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View now at Amazon. The edges of the plinth are a little coarse, for example, but it has it where it counts. View now at Amazon Every significant aspect of a record player - the integrity of its plinth, the effectiveness of its platter, the robustness and consistency of its motor, the design of its tonearm and the quality of its cartridge - has had care lavished on it by Rega to deliver the Planar 2.
Worthwhile improvements from here cost exponentially more. The shortlist: best record player 1. Available in black or silver. Our best buy is where Rega starts to up the ante. The Planar 2 has a new tonearm with Rega Carbon cartridge, a new low-noise motor, a stylish and effective glass platter, a new central bearing. Available in white or black. Available in white, black or red. You get Bluetooth for wireless pairing, onboard amplification for 10:37 - Pixelord - Places (Vinyl widest range of compatibility, and a tonearm with cartridge already attached and set up.
Available in black. Lots of money, but you do get a bit of everything: stunning build quality, aluminium top plate, direct drive motor, pre-fitted tonearm and cartridge. Available in grey. There are even some cables in the box, so it can plug straight into an amp or desktop speaker. The USB output for making digital copies is welcome too. Available in white, grey, black, red, yellow or green.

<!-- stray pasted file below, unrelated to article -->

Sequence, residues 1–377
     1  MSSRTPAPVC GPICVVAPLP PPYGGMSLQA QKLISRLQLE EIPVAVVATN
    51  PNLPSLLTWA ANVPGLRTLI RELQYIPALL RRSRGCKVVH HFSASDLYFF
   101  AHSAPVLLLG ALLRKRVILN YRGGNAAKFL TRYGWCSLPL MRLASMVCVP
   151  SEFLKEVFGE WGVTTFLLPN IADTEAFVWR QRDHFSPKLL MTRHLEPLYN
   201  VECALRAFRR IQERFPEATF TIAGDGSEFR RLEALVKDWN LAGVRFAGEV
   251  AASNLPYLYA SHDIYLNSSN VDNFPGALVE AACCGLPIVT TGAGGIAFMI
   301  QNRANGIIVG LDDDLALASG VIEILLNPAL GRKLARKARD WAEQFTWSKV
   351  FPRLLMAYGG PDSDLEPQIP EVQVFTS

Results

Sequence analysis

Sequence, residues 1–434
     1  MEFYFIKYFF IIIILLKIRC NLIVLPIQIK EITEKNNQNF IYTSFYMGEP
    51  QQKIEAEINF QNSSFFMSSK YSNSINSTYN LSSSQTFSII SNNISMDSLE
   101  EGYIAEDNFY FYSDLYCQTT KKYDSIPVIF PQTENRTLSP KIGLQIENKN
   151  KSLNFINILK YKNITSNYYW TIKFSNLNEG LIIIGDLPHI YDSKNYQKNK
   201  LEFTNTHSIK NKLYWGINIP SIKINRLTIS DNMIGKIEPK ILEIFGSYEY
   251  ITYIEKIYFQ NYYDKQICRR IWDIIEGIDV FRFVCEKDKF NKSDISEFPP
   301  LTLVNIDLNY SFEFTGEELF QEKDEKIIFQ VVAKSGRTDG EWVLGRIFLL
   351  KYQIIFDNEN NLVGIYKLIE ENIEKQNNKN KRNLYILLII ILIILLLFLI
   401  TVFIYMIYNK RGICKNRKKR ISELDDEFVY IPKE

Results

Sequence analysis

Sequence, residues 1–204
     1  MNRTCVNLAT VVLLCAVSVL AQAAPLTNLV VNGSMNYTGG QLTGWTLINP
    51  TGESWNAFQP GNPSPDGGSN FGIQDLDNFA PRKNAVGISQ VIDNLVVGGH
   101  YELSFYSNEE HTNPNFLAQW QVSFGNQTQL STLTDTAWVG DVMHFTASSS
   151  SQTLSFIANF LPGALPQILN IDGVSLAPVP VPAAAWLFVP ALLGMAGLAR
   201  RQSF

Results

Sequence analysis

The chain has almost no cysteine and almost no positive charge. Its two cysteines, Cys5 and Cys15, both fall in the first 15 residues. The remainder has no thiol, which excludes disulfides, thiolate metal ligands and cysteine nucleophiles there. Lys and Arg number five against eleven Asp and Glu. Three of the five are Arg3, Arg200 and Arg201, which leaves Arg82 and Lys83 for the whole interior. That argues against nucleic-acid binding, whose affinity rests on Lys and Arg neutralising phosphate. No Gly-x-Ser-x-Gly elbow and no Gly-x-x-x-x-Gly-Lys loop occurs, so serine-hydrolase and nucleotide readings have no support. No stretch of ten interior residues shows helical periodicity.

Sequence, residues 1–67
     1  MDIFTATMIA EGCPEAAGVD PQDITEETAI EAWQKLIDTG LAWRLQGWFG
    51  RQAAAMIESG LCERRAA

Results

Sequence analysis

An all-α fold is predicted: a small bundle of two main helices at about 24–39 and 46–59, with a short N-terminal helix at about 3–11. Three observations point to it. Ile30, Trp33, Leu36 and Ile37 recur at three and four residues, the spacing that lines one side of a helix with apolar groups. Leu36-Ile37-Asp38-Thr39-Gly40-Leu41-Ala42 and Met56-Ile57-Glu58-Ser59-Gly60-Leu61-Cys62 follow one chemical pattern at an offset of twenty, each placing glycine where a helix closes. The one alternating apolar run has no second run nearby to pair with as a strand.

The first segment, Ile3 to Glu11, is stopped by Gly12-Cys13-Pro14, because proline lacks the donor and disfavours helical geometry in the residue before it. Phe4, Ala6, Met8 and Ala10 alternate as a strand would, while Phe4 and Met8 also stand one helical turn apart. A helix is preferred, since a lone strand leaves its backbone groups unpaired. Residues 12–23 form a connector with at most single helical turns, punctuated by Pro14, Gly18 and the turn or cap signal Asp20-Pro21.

It comes with an Ortofon cartridge on a 22cm tonearm, and is set up for anti-skate and tracking force. Just plug the hard-wired RCA cables into an amp, put the belt around the platter and away you go. Ion Audio has had a real stab at offering plenty for next-to nothing. Max LP is a compact, plasticky turntable with just a 7in platter that 12in discs overhang, but it has integrated speakers and a USB socket for copying vinyl or any other source, via its auxiliary input. Author Bio Simon Lucas Simon Lucas is a consumer electronics and audio equipment expert, with almost two decades of comparative testing, appraising and reviewing experience for the likes of What Hi-Fi?
Considering this is a technology that has been read the Last Rites on more than one occasion, the market for record players is in remarkably rude health. To ensure we put the most popular, most highly regarded and most realistically priced record players to the test, we looked hard at the 10:37 - Pixelord - Places (Vinyl of Amazon, John Lewis and Richer Sounds to establish the most popular price points and feature sets.
Some just want to be able to dabble with the vinyl format, some demand more convenience than record players are usually associated with, and some want to archive rare or perhaps less-than pristine records rather than degrading them further with constant playing.
From a long-list of 26 record players at what we consider to be sensible prices we narrowed it down to a list of 10, based on features, price and popularity. Price also plays a big part. The only reason the vinyl format has endured as long as it has is because listeners enjoy the way it sounds. All it has to do after that is offer all the facilities you need, not cost a fortune and be built to last by a brand you can trust. So while every turntable here was given a score for its build quality, its feature set, its ease of set-up and ease of use, the most significant weighting is given to sound quality.